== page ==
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Why teen mental health experts are focused on '13 Reasons Why'

— Alexa Curtis, 19, laid her laptop on her dinner table and took a deep breath.

It was a brisk April evening, and Curtis was prepared to spend the night in her Boston apartment watching the new Netflix series "13 Reasons Why."

As the first three episodes of the teen drama unfolded on her computer screen, Curtis' heart began to race.

"13 Reasons Why" is based on best-selling author Jay Asher's 2007 young adult book of the same title. Actress and pop star Selena Gomez co-produced the 13-episode Netflix adaptation.

The series, which premiered March 31, follows the fictional story of a teenage girl named Hannah Baker (Katherine Langford) who leaves behind 13 mysterious audio recordings on cassette tapes after killing herself. She addresses each recording to a person who she says played a role in her tragic decision to end her own life.

"The first thing that popped into my mind when watching it was, 'Wow,' " said Curtis, who founded the nonprofit Media Impact and Navigation for Teens, a program that raises awareness about online bullying.

Curtis said she was bullied in high school and she could have been a real-life Hannah Baker.

"Had I been watching that as the vulnerable, fragile kid that I was when I was 13 or 14, I might have watched that and thought, 'Oh, that's the easy way out. This is going to get me the attention that I need. This is what I have to do,' " said Curtis, who wrote an opinion article in Rolling Stone this month about the series.

"It's not the kind of show that I would say nobody should watch, but I think that every school right now should have an open conversation about it in health class," she said. "Kids should probably even be separately brought aside, as privately as possible, and spoken to about it. Any kids who are known to have depression, to have spoken to counselors or any previous suicide attempts, I think they should be very, very, very talked to in-depth about it."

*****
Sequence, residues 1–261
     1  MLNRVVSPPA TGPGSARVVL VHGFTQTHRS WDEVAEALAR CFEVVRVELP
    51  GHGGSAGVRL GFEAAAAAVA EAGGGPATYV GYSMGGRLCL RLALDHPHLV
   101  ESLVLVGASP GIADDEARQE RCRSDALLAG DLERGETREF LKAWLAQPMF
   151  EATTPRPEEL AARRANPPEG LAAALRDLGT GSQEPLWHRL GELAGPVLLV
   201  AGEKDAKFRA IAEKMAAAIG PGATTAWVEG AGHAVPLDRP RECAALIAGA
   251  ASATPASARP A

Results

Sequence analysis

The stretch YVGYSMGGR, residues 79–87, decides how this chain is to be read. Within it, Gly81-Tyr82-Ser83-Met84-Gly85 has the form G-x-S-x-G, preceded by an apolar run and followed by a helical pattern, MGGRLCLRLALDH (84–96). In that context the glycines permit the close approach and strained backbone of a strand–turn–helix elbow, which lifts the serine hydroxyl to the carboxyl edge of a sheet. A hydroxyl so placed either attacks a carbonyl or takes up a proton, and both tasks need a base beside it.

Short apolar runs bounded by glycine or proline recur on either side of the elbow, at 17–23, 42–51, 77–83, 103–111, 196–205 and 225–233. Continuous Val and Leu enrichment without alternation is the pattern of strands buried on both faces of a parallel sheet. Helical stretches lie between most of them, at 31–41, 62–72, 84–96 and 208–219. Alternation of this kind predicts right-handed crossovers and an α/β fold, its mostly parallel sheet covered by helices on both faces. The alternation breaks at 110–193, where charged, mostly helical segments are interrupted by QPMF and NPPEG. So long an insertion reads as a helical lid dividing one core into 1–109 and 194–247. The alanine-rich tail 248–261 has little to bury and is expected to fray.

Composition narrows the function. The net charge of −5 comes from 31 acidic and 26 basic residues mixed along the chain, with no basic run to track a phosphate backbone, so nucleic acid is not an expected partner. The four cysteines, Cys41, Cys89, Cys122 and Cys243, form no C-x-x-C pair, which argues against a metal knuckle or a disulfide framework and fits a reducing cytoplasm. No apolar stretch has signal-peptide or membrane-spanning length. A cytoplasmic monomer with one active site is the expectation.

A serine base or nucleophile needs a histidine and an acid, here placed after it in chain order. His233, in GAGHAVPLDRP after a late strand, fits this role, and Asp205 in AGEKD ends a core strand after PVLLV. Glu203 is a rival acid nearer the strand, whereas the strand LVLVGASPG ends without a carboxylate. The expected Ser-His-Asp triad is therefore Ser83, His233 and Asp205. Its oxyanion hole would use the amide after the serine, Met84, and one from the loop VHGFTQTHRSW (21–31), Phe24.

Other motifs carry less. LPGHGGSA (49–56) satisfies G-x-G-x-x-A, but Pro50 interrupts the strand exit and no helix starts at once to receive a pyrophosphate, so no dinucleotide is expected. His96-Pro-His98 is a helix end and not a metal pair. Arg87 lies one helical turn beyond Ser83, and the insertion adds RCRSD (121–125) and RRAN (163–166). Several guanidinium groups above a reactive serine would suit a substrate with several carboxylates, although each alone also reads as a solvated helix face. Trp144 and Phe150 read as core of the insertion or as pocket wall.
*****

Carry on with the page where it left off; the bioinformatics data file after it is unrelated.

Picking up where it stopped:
Some mental health experts say the show could pose health risks for certain young people, such as those who have suicidal thoughts.

Others suggest the show provides a valuable opportunity to discuss suicide risk with young people, as well as teaching them how to identify warning signs of depression or suicidal thoughts among their peers.

Among American young people, those between ages 10 and 24, suicide is the third leading cause of death, according to the US Centers for Disease Control and Prevention.

Each year, about 157,000 people in that age range receive medical care for self-inflicted injuries at emergency departments across the United States, according to the CDC.

Suicide rates among this age group have also been rising in the UK in recent years, according to UK charity Samaritans, reaching more than 15 per 100,000 people aged 10-24 in 2015. In Australia rates were an estimated 50 per 100,000 for the same age group in 2015, according to the Australian government's mental health awareness initiative, Mindframe.